A student’s success is hard to define because every individual has different ideas of what is success. Students usually think of success as getting a passing grade, but the schools could define it as students getting a high GPA, and a good citizenship grade, along with a lot of other standards. But schooling, let alone education, shouldn’t be focused on grades. Rather, it should be based on the life lessons learned from the subjects taught. Life lessons could include study habits, confidence to participate, and being punctual to class or job meetings in the future.
A student’s success also can’t be forced by any type of authority and should be approached from a less traditional angle. The students are primarily responsible for their success because they are the ones that need to learn, to succeed and to gain valuable life lessons, the teachers only give them the opportunity to learn. Schooling isn’t the only way to get an education, because we’ve seen successful people from history that strayed from the known student success paradigm and still succeeded. Albert Einstein ended up dropping out of high school even though he became a physicist and his discoveries had an impact on science and the world.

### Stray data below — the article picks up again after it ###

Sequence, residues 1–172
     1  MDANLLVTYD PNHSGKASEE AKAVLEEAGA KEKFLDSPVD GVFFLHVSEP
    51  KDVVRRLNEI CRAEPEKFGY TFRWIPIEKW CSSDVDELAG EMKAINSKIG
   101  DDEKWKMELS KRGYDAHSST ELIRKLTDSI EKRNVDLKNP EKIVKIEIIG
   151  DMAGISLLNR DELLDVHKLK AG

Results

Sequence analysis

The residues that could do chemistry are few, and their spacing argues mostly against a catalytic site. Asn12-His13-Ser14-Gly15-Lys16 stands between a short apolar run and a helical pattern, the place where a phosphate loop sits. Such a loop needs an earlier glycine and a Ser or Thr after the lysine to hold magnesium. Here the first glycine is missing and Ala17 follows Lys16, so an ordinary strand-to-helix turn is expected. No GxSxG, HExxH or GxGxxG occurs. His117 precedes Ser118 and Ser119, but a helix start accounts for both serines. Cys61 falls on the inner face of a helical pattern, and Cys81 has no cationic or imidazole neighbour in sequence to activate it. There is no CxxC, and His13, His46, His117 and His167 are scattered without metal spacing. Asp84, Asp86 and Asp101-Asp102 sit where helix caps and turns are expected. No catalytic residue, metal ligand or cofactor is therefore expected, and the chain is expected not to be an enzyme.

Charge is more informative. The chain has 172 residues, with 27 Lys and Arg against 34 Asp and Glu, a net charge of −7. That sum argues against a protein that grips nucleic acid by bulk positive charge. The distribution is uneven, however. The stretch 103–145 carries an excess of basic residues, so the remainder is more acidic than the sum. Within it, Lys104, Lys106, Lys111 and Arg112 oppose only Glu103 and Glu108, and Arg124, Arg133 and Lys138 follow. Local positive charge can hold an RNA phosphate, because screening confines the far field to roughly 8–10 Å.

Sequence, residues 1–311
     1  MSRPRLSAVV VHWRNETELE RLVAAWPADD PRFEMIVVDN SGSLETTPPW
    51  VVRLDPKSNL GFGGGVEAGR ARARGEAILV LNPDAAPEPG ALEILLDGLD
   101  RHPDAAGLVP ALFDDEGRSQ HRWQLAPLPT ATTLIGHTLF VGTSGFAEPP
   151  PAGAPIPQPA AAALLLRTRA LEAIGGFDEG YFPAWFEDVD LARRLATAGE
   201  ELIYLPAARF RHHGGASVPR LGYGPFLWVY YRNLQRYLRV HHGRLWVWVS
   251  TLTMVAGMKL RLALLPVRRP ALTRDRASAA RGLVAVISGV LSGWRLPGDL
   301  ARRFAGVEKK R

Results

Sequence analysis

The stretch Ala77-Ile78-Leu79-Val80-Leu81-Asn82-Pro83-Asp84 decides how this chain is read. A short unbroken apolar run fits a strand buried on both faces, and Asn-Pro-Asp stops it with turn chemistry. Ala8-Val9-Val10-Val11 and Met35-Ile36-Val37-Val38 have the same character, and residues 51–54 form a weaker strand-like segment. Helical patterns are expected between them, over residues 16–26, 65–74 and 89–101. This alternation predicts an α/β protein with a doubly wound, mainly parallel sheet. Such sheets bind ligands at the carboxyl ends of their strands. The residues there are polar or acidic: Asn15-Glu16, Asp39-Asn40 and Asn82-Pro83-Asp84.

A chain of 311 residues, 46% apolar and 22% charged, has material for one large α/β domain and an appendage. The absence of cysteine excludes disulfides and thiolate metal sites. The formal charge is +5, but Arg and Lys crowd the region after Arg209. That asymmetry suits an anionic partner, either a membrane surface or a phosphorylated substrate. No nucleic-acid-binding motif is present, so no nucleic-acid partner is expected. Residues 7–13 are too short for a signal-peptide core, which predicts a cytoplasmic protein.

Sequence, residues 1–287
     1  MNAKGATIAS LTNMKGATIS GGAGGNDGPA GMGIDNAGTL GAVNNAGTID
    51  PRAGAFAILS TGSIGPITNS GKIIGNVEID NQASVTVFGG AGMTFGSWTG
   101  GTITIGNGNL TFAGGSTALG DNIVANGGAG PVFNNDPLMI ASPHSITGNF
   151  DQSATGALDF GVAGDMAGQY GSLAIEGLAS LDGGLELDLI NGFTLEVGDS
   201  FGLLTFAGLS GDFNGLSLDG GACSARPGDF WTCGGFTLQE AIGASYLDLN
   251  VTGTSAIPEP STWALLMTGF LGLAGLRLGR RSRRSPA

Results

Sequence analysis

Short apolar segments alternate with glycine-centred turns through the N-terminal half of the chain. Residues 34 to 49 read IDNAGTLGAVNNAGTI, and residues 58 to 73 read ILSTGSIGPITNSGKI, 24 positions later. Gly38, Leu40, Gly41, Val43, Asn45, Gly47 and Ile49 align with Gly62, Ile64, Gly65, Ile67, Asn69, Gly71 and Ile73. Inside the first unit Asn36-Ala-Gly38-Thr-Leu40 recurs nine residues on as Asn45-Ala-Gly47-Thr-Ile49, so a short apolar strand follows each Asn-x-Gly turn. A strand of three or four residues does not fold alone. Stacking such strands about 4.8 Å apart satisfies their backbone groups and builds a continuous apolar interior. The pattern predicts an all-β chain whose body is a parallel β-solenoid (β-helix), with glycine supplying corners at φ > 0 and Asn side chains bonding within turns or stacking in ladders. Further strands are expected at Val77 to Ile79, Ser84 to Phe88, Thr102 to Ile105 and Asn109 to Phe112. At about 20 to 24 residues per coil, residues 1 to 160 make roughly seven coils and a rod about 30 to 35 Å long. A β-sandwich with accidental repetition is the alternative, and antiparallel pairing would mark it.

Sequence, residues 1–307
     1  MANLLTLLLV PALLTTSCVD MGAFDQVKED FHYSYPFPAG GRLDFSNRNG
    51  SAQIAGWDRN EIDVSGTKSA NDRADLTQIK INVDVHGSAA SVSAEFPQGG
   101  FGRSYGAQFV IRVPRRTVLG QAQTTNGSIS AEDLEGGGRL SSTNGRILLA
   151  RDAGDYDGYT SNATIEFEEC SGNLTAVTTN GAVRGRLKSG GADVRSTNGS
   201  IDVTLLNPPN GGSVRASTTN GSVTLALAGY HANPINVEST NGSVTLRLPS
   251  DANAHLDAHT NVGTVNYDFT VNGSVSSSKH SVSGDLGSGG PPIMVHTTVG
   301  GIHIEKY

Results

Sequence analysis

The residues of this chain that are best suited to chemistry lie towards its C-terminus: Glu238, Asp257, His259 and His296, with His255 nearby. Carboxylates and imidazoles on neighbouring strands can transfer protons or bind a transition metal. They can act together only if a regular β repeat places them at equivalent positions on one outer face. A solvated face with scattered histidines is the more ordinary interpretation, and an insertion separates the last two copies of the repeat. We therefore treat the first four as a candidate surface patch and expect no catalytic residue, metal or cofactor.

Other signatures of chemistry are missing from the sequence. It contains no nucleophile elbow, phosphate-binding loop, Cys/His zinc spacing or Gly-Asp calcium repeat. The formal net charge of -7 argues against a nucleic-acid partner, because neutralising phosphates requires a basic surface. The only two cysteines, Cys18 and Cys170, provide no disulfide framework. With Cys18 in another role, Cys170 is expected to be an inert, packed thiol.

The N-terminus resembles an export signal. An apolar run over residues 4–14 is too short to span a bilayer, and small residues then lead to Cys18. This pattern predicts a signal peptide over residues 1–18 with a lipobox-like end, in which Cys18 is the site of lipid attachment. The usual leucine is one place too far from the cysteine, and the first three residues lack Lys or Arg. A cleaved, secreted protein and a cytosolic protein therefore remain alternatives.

Bill Gates got a high school diploma but ended up dropping out of college and became an entrepreneur. He revolutionized personal computers and is one of the richest people in the world. These are a few of the people that didn’t value academic success, but pursued individual success for themselves. Malcolm X in “Learning to Read” only went to school through the eighth grade, and his education was built upon books he read and studied and the letters he wrote and read during his time of imprisonment.